Message 2001-02-0018: Re: apomorphy-based names

Tue, 06 Feb 2001 19:34:59 +0100

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Date: Tue, 06 Feb 2001 19:34:59 +0100
From: David Marjanovic <>
To: PhyloCode mailing list <>
Subject: Re: apomorphy-based names

> When one examines the way in which certain names are used, it becomes very
clear that some people > have an apomorphy-based concept of the clade to
which they are referring.  For example, some
> authors clearly wish to name the clade stemming from the first vetebrate
species to evolve feathers
> rather than either the clade of Passer domesticus and everything sharing a
more recent common
> ancestor with it than with Deinonychus antirrhopus, or the clade stemming
from the most recent
> common ancestor of Passer domesticus and Archaeopteryx lighographica.

Well, if we define Aves apomorphically on feathers, lots of other theropods,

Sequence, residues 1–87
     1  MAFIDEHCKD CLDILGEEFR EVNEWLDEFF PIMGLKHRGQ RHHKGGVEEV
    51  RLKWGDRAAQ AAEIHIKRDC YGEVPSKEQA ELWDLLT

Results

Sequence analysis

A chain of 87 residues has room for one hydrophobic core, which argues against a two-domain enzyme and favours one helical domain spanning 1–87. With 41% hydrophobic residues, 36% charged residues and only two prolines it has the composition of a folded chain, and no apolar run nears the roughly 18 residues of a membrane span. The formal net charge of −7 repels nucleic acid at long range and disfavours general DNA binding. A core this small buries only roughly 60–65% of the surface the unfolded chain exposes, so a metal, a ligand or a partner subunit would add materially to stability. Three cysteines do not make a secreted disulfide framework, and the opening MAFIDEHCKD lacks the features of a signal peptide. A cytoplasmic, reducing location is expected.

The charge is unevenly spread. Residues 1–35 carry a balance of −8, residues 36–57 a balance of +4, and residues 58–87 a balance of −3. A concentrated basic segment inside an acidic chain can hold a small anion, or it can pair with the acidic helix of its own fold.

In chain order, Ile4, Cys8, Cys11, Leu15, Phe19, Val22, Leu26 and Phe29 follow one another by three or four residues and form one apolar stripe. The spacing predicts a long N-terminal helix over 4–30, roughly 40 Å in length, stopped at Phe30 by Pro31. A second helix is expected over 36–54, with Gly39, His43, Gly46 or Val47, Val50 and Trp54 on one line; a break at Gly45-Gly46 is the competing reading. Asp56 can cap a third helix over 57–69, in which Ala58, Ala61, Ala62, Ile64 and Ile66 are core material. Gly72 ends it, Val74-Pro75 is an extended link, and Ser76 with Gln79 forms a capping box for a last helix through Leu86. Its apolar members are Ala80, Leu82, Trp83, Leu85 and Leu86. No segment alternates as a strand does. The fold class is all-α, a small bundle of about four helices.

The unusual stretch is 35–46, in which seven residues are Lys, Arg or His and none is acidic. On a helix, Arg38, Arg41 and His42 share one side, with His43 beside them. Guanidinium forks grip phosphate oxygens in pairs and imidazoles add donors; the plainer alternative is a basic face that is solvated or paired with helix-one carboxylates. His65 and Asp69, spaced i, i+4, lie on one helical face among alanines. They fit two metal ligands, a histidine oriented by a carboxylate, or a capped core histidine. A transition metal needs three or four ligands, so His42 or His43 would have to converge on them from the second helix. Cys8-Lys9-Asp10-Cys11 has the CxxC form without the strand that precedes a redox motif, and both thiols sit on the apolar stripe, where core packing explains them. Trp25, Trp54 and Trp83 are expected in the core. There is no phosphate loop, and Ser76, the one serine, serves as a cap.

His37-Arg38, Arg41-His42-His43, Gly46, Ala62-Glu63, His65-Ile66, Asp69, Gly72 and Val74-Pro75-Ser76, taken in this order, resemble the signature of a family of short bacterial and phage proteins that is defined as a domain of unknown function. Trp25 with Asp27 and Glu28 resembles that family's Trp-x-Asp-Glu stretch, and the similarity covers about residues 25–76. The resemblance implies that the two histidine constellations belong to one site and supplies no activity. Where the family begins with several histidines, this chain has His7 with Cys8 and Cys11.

at least all coelurosaurs, are birds...

> "I hope that one day the vertebrate paeontological types, and whoever else
is inclined towards
> apomorphy-based definitions, can be convinced to make-do with stem-based
and node-based
> definitions."
> It probably isn't a coincidence that paleontologists may want to name
apomorphy-based clade
> concepts more often than do neontologists.  After all, paleontologists
often (though not always) have
> to make finer distinctions than neontologists.  Thus, for neontologists,
all of the clades that I described > above (i.e., clade from first featered
vert; clade P. domesticus <-- D. antirrhopus; and clade A.
> lithographica + P. domesticus) all have precisely the same composition
(i.e., considering only extant
> organisms).  But for paleontologists, the composition of these taxa
differs, and thus additional names, > which neontologists can do without,
are often useful for them.

See above.


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